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FSA Friday - 2/22/19 - American health care is #1 … for the wrong reasons

It's not exactly "breaking news" -- United States citizens spend more on health care than residents of ANY other country. And sadly, this trend isn't showing any signs of slowing, with health care costs rapidly approaching 20% of our overall national spending.

Would you hand over one out of every five dollars in your pocket for anything else? Probably not, but that's exactly what U.S. citizens are doing right now -- and what they'll likely continue to do for the next decade or more.

Health care spending in America to consume 1 in 5 U.S. dollars - Aimee Picchi, CBS News

In this brief, but eye-opening piece from CBS News, we learn that the steady growth of U.S. health spending is projecting to be nearly 20% of all spending by 2027. And it seems like it's because the health care we're paying for is working! Baby boomers are living longer, requiring more medical treatment as they continue to age.

Because of this, the same forecasts predict Medicare spending will be the biggest chunk of this projected growth, rising 7.6% each year until 2027.

We might not be economics experts, but we do know that the 5.5% average growth of health care spending year-over-year exceeds the overall growth in national spending by nearly a full percentage point, widening a gap that many experts still can't get their heads around. The next article tries to decipher it for us...

How Americans spend much more on health care than they realize - Philip Moeller, PBS

This short piece from PBS wastes no time getting to the point -- U.S. households spent $980 billion on health care in 2017, which works out to more than $3,200 per person, according to the Centers for Medicare and Medicaid Services' annual report on health spending.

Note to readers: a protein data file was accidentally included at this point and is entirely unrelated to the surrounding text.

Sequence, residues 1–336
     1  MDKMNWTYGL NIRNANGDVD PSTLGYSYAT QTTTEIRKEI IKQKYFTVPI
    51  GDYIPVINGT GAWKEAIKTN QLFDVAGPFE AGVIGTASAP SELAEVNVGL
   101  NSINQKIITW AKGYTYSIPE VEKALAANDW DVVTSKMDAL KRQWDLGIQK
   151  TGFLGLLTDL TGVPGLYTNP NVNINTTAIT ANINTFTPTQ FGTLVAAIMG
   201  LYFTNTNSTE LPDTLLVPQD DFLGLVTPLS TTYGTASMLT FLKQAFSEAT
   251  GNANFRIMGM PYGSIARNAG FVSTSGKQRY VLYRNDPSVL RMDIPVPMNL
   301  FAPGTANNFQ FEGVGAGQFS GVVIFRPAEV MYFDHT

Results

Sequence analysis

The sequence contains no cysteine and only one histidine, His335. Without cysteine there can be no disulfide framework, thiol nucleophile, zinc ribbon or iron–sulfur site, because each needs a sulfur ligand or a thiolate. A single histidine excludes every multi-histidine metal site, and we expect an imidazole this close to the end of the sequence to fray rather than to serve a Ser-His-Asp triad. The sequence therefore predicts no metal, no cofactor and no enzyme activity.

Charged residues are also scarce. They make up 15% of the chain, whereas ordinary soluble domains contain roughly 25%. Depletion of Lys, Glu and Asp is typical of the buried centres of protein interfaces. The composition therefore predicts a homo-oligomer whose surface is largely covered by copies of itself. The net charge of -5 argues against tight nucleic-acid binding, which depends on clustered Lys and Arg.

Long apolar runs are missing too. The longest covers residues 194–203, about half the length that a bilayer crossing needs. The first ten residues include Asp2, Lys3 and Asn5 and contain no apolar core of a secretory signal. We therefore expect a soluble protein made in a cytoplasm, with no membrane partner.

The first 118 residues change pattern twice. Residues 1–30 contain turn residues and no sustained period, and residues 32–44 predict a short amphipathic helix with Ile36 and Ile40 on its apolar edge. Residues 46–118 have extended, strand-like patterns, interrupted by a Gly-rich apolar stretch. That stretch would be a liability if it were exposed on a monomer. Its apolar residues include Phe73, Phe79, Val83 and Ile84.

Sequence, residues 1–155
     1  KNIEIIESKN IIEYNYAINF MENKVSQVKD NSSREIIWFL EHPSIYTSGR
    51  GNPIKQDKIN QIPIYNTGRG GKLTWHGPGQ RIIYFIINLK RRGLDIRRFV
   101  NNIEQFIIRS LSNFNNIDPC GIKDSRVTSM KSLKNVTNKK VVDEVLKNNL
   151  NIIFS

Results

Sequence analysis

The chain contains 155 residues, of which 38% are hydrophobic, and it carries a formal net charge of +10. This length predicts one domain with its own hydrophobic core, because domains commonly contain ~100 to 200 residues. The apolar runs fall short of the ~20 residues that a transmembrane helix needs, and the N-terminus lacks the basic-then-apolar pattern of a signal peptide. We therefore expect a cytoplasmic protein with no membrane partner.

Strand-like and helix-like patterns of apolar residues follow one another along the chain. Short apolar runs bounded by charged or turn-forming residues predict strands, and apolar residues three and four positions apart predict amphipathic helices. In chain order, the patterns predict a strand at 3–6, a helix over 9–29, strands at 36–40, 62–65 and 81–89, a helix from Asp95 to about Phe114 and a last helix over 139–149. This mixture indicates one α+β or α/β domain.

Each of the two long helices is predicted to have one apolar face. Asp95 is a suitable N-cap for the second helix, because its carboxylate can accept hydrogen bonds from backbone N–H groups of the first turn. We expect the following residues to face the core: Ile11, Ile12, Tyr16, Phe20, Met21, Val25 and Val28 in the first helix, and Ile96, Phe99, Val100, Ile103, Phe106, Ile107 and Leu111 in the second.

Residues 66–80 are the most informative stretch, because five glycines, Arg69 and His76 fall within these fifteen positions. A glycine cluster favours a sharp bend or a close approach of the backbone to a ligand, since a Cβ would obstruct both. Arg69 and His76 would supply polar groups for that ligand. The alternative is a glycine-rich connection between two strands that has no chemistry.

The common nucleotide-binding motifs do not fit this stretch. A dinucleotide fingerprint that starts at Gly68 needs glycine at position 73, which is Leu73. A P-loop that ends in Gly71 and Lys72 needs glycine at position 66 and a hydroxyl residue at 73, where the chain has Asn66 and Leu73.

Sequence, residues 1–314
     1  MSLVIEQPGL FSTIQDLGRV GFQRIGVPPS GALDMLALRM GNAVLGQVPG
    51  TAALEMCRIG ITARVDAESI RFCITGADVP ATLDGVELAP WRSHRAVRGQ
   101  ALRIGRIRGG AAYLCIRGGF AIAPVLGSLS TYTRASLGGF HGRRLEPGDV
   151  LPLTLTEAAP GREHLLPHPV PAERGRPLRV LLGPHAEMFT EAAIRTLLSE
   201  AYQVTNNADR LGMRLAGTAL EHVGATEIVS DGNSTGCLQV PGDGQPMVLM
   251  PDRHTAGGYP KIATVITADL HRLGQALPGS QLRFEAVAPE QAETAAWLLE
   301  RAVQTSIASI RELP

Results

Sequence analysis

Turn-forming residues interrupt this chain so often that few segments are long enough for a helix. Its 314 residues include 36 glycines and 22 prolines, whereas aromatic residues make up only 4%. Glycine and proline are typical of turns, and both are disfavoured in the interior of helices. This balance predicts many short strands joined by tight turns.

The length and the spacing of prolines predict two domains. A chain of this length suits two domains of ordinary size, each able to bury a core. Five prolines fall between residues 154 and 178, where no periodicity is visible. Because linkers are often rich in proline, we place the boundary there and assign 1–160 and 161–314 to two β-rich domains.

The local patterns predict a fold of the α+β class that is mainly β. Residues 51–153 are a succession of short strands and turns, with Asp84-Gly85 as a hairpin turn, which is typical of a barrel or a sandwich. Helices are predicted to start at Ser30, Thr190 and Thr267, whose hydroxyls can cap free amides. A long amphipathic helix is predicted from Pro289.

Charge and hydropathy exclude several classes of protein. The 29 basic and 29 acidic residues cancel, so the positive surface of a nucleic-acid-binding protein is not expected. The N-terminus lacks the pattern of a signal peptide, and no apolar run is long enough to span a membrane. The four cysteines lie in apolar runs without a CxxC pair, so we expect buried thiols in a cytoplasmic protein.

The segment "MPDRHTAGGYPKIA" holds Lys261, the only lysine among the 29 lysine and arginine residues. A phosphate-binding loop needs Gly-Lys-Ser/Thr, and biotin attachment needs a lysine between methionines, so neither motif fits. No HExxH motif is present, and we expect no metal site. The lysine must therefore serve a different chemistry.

As it turns out, consumers are only directly paying for a third of that total. Don't get too excited, though, since we're indirectly covering the remainder through federal and state taxes, premiums and other fees. And even though it seems like employers are footing most of the bill for worker health care benefits, when good insurance comes at the expense of higher paychecks, it's still coming out of employee pockets at the end of the day.

Thankfully, the article and report clearly detail where your dollars are going, so you have a better idea of what those paycheck deductions really mean as national health care spending continues to grow. Transparency is key -- we may not ever get used to handing over 20% of our own money just to handle health costs, but we certainly deserve to know why.

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FSA Friday is a weekly roundup of the latest topics, tips and headlines to keep you updated on all things flex spending. It appears every Friday, exclusively on the exclusively on the FSAstore.com Learning Center. And for the latest info about your health and financial wellness, be sure to follow us on Facebook, Instagram and Twitter.